Endothelial cells play a critical role in maintaining the integrity of vascular structure and function. Endothelial dysfunction is an important contributing factor to the pathogenesis of CVDs including HTN and atherosclerosis [4]. Early studies with small patient samples suggested that there was no clear association between chronic infections, including infection with Chlamydia pneumoniae, cytomegalovirus, Epstein–Barr virus, and H. pylori, and decreased endothelial function [48]. A small study with a total of 53 pediatric patients using Doppler ultrasonography of the brachial artery showed that percent ratio of the change in systolic diameters during hyperemic phase to the basal diameter (endothelium-dependent) was not significantly different between H. pylori-negative and -positive groups in pediatric population [49].

However, accumulating data clearly supports the concept that H. pyloriinfection could lead to significant endothelial dysfunction in patients. Using high-frequency ultrasonographic imaging of the brachial artery, it was found that endothelium-dependent flow-mediated vasodilation (FMD) was significantly lower in the subjects with seropositive antibodies to H. pylorithan in the ones with seronegative antibodies to H. pylori, while endothelium-independent nitroglycerin-induced vasodilation was similar in both groups [50]. Similarly, another study with patients with chronic gastritis associated with H. pyloriinfection demonstrated that the level of FMD in patients with positive H. pyloriinfection was significantly lower than those with negative H. pyloriinfection and the healthy control group [51]. Studies also showed that the levels of C-reactive protein and soluble intercellular adhesion molecule-1 (ICAM-1) were significantly higher in subjects with seropositive antibodies to H. pylorithan in those with seronegative antibodies to H. pylori[50]. The levels of endothelial dysfunction biomarkers, including endothelin-1 (ET-1), E-selectin, and ICAM-1, were found to be significantly higher in H. pylori(+) patients than in H. pylori(−) subjects [52].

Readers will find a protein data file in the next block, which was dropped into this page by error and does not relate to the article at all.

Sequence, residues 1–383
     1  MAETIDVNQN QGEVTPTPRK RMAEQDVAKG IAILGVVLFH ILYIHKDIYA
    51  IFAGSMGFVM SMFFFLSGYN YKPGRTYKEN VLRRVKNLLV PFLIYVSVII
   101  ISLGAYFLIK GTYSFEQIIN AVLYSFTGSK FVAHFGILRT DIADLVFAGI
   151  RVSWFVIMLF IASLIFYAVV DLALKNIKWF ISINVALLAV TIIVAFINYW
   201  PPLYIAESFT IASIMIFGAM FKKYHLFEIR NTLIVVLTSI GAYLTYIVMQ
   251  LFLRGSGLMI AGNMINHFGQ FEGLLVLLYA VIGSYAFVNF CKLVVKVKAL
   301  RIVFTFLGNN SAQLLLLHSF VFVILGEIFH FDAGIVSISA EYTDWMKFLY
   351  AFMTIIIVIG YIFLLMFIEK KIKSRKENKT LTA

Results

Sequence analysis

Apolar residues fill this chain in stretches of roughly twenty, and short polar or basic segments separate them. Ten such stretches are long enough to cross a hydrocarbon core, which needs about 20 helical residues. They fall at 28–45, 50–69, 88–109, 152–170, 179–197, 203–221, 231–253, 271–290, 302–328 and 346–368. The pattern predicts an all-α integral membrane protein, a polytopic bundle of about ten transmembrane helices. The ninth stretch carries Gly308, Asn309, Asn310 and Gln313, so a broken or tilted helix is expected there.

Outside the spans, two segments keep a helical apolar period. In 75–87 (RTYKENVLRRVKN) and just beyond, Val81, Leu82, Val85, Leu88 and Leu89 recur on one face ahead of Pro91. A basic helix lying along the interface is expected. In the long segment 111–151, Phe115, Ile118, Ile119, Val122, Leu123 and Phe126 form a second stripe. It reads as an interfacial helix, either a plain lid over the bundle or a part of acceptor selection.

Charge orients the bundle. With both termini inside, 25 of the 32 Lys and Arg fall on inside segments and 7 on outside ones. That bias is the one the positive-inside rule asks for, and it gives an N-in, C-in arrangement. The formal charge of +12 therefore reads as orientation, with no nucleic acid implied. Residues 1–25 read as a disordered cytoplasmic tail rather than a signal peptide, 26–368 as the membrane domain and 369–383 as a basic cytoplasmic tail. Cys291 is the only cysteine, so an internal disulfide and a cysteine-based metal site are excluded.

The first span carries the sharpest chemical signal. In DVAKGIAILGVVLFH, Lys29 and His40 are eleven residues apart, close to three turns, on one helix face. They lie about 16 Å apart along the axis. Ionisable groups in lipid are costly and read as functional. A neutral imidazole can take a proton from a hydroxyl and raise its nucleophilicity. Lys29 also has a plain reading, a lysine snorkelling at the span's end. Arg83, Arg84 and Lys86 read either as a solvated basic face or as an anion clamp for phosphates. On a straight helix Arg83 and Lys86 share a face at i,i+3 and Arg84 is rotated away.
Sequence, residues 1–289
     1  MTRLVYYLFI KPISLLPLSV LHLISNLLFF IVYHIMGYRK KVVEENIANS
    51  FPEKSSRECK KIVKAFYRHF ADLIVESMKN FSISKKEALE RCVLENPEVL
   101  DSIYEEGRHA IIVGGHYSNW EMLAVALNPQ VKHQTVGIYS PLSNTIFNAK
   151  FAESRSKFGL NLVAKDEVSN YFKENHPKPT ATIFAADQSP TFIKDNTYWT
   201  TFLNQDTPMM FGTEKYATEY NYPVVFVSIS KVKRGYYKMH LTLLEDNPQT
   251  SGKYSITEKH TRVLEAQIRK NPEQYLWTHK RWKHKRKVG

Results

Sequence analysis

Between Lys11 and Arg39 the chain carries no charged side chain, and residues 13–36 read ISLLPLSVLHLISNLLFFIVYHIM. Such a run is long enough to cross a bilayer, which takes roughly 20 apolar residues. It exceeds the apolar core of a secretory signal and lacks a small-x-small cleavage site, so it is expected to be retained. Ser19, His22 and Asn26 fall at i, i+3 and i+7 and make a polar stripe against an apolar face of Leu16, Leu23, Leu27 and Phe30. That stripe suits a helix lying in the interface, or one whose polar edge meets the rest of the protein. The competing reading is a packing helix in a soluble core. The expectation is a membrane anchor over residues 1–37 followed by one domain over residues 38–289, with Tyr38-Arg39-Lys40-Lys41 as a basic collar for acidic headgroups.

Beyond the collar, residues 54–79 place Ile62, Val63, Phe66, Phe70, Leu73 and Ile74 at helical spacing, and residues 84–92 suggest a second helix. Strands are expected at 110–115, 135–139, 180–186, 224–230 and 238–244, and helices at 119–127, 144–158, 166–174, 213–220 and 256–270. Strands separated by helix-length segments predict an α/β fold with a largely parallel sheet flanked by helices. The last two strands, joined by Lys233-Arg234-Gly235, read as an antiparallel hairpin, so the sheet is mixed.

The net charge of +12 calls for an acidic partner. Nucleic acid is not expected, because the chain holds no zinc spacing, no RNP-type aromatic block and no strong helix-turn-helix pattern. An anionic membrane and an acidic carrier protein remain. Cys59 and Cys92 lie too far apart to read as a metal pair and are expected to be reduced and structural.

One of the important questions is whether endothelial dysfunction associated with H. pyloriinfection is reversible. In a study in 2011, vascular function measurements (ankle brachial index and flow-mediated diameter percent change) were made in patients with H. pyloriinfection at the time of study enrollment and 3 months afterwards with H. pylorieradication. Subjects with H. pyloriinfection were treated with standard triple antibiotics therapy. It was found that H. pylori-positive subjects had severe endothelial dysfunction that improved significantly after H. pylorieradication with triple antibiotics. Subjects without H. pyloriinfection also had endothelial dysfunction, however, that was not improved after treatment with triple antibiotics. These data suggests that endothelial dysfunction in patients with H. pyloriinfection appear to be reversible [53].